Much of Colorado, including the Front Range, is prime mountain lion country. This simple fact is a surprise to many residents and visitors. These large, powerful predators have always lived here, preying on plentiful deer and playing an important role in the ecosystem.
|Photo above: Two mountain lions resting on a ledge, sheltered from the heat of the day. (Photo courtesy of the USFWS.) |
You may live in or recreate in lion country. Like any wildlife, mountain lions can be dangerous. With a better understanding of mountain lions and their habitat, we can coexist with these magnificent animals.
The mountain lion, commonly known as cougar, panther, or puma, exists only in the Western Hemisphere and is one of North America's biggest cats. In Colorado, population estimates range from 3,000 to 7,000 mountain lions. A lion's natural life span is probably about 12 years in the wild and up to 25 years in captivity. Lions are very powerful and usually kill large animals, such as deer and elk. Natural enemies include other large predators such as bears, lions, and wolves. They also fall victim to accidents, disease, road hazards, and people.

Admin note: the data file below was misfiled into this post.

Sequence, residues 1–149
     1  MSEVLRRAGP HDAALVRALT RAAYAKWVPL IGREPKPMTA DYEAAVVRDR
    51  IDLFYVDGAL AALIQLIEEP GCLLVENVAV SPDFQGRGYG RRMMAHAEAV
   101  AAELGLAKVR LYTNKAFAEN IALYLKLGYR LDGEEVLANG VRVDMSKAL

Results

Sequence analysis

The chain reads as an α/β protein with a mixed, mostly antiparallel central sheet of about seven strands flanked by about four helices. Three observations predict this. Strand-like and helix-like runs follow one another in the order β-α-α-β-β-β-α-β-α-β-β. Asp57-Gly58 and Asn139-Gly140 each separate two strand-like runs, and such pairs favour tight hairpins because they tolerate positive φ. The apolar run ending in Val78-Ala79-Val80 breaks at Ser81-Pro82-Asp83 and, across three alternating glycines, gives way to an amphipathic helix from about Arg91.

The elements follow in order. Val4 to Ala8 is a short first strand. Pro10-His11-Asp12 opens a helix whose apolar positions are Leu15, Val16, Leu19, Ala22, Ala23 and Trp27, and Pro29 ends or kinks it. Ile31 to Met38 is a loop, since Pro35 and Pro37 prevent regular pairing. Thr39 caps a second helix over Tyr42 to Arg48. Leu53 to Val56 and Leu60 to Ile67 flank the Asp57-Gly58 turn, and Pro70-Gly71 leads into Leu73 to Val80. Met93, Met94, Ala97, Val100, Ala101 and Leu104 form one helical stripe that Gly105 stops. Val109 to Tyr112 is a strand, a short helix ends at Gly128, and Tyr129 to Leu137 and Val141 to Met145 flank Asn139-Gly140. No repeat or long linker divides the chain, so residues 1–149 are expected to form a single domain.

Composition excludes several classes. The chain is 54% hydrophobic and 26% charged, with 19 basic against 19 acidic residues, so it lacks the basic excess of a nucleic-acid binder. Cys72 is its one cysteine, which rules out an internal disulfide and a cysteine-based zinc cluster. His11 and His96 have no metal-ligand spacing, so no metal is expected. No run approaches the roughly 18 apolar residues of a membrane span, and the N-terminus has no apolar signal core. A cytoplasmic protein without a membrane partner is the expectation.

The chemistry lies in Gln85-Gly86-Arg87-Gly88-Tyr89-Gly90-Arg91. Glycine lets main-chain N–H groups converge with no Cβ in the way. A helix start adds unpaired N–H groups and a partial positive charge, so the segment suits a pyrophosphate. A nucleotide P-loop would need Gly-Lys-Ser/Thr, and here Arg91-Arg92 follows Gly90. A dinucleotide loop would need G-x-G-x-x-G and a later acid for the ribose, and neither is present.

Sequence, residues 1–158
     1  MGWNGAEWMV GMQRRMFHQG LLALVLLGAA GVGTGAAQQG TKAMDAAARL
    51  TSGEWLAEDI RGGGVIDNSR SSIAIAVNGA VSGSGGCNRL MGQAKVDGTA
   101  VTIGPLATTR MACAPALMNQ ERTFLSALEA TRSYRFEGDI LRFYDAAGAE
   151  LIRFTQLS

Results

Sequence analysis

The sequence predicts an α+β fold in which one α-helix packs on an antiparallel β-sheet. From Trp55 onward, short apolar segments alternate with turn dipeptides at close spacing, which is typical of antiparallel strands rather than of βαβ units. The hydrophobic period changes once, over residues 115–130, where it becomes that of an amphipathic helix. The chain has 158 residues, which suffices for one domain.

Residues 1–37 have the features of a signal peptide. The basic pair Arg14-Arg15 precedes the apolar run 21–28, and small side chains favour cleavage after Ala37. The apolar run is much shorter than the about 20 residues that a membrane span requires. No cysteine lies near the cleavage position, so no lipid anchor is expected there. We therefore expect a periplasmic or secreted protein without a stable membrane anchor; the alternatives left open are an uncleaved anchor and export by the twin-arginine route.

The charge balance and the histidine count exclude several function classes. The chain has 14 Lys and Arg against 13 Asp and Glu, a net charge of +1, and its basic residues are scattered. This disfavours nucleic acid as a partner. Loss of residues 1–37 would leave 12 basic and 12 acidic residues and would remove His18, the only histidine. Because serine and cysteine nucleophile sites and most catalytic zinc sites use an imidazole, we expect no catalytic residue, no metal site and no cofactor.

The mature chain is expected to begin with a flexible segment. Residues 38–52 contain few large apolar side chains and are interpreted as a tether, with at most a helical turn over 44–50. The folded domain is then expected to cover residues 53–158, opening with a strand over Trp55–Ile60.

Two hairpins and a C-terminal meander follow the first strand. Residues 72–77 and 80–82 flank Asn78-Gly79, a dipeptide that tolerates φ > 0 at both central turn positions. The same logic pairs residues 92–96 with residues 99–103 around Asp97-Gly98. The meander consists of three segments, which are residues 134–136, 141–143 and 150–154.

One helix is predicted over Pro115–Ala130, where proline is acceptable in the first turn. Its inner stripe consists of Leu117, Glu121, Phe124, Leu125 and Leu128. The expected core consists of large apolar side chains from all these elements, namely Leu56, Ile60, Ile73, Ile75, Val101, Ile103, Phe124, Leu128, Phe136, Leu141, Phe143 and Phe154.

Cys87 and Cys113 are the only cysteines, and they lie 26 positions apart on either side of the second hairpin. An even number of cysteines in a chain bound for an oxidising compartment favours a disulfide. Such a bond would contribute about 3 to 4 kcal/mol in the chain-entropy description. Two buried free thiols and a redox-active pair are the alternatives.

The status of the mountain lion in Colorado evolved from that of varmint, on which a $50 bounty was offered from 1929, to designation as a big game species in 1965. The change in legal status reflected growing public appreciation and concern for sound mountain lion management.